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The Fall of the House of Dixie: The Civil War and the Social Revolution That Transformed the South Paperback – April 1, 2014


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Product Details

  • Paperback: 480 pages
  • Publisher: Random House Trade Paperbacks; Reprint edition (April 1, 2014)
  • Language: English
  • ISBN-10: 0812978722
  • ISBN-13: 978-0812978728
  • Product Dimensions: 5.2 x 1 x 8 inches
  • Shipping Weight: 12.8 ounces (View shipping rates and policies)
  • Average Customer Review: 4.3 out of 5 stars  See all reviews (180 customer reviews)
  • Amazon Best Sellers Rank: #113,441 in Books (See Top 100 in Books)

Editorial Reviews

From Booklist

This masterful work is essentially an examination of the political and social disintegration of the antebellum South under the strain of slow but relentless military defeat. Levine presents compelling evidence to counter revisionist arguments concerning the role of slavery in the South. He asserts that the entire edifice of Southern society was based upon the “peculiar institution” and the racial assumptions used to justify it. He effectively demolishes the mythology of a passive, even content slave population and illustrates how the maintenance of slavery depended on the threat and often the use of violence. Levine also acknowledges schisms in Southern society between the planter elite and the nonslaveholding majority. Once the military conflict began, the pillars of Southern society slowly eroded as men left the farms and plantations to fight and slaves refused to work and often fled into the arms of approaching Union forces. Levine’s employment of testimonies by slaveholders, slaves, and pro-Union Southerners is effective and often poignant. This work will be an excellent addition to Civil War collections. --Jay Freeman --This text refers to an out of print or unavailable edition of this title.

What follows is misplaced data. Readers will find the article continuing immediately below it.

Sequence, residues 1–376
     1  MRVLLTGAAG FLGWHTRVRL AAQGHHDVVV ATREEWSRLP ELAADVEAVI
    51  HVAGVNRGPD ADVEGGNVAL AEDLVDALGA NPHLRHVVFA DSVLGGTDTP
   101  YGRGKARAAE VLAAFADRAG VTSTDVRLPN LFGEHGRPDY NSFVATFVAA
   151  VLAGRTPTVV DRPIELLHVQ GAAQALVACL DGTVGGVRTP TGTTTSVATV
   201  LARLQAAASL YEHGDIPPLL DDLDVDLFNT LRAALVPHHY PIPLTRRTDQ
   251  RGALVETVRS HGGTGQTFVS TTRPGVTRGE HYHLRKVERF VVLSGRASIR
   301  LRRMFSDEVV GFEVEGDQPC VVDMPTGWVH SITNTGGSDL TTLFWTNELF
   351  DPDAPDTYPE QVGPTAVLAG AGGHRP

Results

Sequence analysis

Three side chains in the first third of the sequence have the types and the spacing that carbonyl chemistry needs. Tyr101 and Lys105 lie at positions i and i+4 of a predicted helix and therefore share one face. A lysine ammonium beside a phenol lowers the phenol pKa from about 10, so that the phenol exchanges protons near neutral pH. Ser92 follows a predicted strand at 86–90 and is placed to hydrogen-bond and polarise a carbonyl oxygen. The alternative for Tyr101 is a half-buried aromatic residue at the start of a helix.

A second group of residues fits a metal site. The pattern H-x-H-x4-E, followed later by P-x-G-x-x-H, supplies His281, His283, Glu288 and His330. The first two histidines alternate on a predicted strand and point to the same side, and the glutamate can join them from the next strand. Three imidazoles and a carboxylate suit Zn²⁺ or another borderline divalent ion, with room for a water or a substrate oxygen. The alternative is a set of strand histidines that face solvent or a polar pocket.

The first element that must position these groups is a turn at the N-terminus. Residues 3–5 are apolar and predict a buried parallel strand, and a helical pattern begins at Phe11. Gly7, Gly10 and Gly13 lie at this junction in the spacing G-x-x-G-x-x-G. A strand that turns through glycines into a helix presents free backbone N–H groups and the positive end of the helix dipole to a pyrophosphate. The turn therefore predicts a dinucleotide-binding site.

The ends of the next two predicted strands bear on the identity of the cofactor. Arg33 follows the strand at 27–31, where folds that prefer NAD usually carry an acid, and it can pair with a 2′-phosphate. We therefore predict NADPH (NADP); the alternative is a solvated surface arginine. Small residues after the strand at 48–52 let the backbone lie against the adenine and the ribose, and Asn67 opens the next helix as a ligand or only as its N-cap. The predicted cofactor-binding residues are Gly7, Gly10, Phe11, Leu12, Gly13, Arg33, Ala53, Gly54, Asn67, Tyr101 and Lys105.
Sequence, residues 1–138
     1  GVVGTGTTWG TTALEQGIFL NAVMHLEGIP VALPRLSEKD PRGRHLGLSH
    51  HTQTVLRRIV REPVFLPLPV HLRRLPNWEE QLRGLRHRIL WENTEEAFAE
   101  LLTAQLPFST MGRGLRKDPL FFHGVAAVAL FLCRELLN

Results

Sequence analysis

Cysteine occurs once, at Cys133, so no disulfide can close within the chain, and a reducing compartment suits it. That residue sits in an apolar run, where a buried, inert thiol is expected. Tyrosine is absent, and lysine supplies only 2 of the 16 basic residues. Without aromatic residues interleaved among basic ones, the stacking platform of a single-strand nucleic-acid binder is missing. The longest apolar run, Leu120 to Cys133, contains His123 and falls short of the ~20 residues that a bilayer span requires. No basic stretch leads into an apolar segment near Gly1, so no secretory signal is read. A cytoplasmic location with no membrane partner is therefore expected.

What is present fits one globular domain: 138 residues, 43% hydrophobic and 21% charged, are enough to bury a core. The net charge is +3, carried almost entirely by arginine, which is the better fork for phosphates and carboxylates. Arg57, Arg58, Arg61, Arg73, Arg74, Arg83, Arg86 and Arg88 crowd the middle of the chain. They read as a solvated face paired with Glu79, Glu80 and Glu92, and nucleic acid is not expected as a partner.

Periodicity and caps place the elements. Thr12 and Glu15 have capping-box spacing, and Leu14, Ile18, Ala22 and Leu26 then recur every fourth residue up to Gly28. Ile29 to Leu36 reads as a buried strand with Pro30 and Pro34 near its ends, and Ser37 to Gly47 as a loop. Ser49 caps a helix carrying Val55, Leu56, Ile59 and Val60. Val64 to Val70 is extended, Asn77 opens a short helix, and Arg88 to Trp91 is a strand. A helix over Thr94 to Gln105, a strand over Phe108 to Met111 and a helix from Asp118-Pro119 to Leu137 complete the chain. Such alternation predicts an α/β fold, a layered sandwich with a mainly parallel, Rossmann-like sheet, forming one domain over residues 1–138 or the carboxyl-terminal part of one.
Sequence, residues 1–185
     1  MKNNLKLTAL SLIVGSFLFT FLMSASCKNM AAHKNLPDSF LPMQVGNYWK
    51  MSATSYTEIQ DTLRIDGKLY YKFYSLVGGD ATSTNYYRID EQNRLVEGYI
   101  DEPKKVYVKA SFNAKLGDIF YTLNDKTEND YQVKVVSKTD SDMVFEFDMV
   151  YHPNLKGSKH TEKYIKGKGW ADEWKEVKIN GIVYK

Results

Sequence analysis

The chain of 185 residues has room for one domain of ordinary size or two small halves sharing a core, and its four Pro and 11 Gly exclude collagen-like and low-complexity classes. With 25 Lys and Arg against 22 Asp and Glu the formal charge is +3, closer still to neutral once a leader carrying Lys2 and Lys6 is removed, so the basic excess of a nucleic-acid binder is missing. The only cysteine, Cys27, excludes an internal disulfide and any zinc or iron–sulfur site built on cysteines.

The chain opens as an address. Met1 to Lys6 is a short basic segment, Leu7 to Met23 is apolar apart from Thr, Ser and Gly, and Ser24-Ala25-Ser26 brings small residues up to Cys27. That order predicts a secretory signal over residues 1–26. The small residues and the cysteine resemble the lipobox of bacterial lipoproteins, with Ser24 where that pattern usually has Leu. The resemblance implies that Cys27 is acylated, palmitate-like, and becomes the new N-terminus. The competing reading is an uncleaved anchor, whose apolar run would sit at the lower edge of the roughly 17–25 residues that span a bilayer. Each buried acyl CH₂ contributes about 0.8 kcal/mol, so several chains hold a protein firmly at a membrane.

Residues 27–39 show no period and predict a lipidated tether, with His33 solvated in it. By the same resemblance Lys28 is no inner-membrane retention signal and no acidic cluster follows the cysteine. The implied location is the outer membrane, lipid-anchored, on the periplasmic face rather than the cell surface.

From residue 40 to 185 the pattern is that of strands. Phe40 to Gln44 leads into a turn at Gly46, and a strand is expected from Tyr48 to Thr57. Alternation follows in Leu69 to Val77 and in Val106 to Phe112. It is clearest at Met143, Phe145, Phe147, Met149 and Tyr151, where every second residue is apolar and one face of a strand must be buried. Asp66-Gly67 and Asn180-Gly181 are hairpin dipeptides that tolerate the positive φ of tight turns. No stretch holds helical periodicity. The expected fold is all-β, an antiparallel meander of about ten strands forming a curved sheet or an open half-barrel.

Review

“This is the Civil War as it is seldom seen . . . and a portrait of a country in transition . . . as vivid as any that has been written.”The Boston Globe